## Fool 11

i have to decide a program to "satisfy" my crazy private tutor .This program reads in 2 input extremely large postive integers. It will then output their sum.
However , as C++ got limit in int, so i think i need to use string variables to represent the values..then use some loops to get pairs of digits add up together..

but then what if the length of the 2 strings are different or the digits add up >= 10??......it is driving me mad.......

please stick to my suggestions and avoid showing me some higher levels code.......or else my tutor will know i am not doing it all by myself........

## Salem 5,138

Well how do you add two numbers on paper?

Work right to left, and introduce the idea of 'carry'.

## zandiago 115

A few things: We only provide help, we don't give away codes. You must also try to think about it on your own.
Minimum value for a variable of type short. –32768.
Maximum value for a variable of type short. 32767.
Visit here for some other relavnt information:http://msdn2.microsoft.com/en-us/library/ms860861.aspx I have the entire program (i had to do it a while back for a project), so i'll help you along but give it a shot. See what you come up with and post it here. See you around.

## Fool 11

of course i dun expect a full code answer...I still want to taste the fun of enjoying the problem

now this is what i have got so far..

``````#include<iostream>
#include<string>

using namespace std;

int main () {

string a, b;
cin>>a>>b;

int le1 = a.length();
int le2 = b.length();

int i = 0;
int j = 0;

if ( le1<le2)
while ( i < le2-le1-1 ) {
cout<<b;
i++;}

if ( le1>le2)
while ( i < le1-le2-1 ) {
cout<<a;
i++;}

while ( ----this loop will add up the digits place to place...but i dunno how to start it...
....the above two loops are for directly displaying out the "excess" part when the length of one integer is longer than the other.....)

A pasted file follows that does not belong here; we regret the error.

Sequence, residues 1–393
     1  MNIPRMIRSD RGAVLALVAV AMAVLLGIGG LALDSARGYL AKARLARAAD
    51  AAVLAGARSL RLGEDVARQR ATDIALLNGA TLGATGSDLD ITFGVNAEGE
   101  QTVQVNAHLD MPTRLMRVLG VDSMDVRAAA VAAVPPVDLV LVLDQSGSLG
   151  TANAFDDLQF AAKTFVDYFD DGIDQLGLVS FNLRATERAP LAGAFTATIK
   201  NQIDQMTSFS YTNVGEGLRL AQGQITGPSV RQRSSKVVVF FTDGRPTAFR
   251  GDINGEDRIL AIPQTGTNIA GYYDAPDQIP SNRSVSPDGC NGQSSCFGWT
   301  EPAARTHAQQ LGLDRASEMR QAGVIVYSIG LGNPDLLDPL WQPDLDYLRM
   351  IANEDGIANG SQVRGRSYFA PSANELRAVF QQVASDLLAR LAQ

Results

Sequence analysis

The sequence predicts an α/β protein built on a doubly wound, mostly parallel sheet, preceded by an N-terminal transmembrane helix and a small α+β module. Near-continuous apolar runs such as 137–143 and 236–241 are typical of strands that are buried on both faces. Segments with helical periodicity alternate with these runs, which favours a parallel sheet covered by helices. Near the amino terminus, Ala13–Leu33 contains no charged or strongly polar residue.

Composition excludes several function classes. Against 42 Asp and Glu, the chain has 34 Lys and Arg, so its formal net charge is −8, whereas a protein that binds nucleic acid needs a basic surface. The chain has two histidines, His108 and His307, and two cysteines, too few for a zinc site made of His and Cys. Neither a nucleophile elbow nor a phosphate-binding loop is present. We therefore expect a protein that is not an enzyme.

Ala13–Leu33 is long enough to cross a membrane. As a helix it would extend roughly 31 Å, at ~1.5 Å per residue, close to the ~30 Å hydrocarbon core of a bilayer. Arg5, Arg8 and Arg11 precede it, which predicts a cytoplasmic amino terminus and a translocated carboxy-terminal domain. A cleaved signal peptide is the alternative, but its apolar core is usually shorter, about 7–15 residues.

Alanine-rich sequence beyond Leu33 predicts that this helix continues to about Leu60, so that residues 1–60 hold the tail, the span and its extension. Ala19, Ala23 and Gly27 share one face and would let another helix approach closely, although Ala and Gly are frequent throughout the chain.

return 0;
}
``````

## zandiago 115

A few things. A decent start, but remember to include the header <cmath>. Another thing, are you wanting to determine the lenght of the number that the user inputs?

## Fool 11

length is not to be fixed..that's why i have to use a loop

## zandiago 115

Take a brief look at this:

``````#include <iomanip>
#include <cmath>
#include <fstream>
#include <string>
#include<string>
#include<iostream>

using namespace std;

int main()
{

int num1 = 0;
int num2 = 0;

cout<<"Please enter two numbers to get their total"<<endl;
cin>>num1>>num2;

double sum = (num1 + num2);
cout<<sum<<endl;
return 0;
}``````

Also, when you're posting your code, please place them in code & # number tags as it makes it easier to read for those helping.

## Fool 11

Thank you for ur help ..but it seems that this method the numbers have been restricted by a range..so i am afraid it is completely different from what i am going to do...anyway..Thx and i think i will juz try my best to complete this task.

## zandiago 115

well, if you change the 'int' to another number characteristic, you'll bypass some of the restrictions. What restrictions are you trying to bypass or implement?

## Fool 11

this is not the purpose of what i am going to do to the limit set by C++ for int; i think i will stick to my string-loop method and add up the digits place to place....and perhaps think hard on how to carry value up tp the left one when previous add>=10

## Lerner 582

The string/loop approach is probably the best at this point, however, you need some mechanism to add two values together, which I think is what Zandiago was trying to point out.

I'd recommend taking a step few steps back and try answering each of the following questions one at a time building on each previous answer.

If you have a string of char representing 1 digit per char how do you access a given char(digit) within the given string? Once you have a given char from within a given string how do you convert it to a numerical value? Once you can do that for a given string, do it for two strings and add the two values together. Then how would you convert the result back to a char that you could store in a third string? Where in the third string would you store the resultant char? Then how would you determine if you need to "carry" a value and if you have to "carry" how would you determine what to "carry" and what to store where if you "remove" the "carry"? What does the need to "carry" mean in terms of the program, where would the "carry" go in the resultant string compared to the two char you took out of the two original strings and how might you accomplish this?

If you write a program to answer the first question, then expand that program to answer each successive question and merge the resultant program with what you have already, then you probably won't have too much else to do.

I've seen other approaches to this problem, but this seems like a common approach for those of us who don't earn a living doing this sort of stuff.

## Fool 11

Thanks to all who had replied. I have completed this problem at the end..though it is quite different from my original one. (but still is about strings and loops)

Thank you.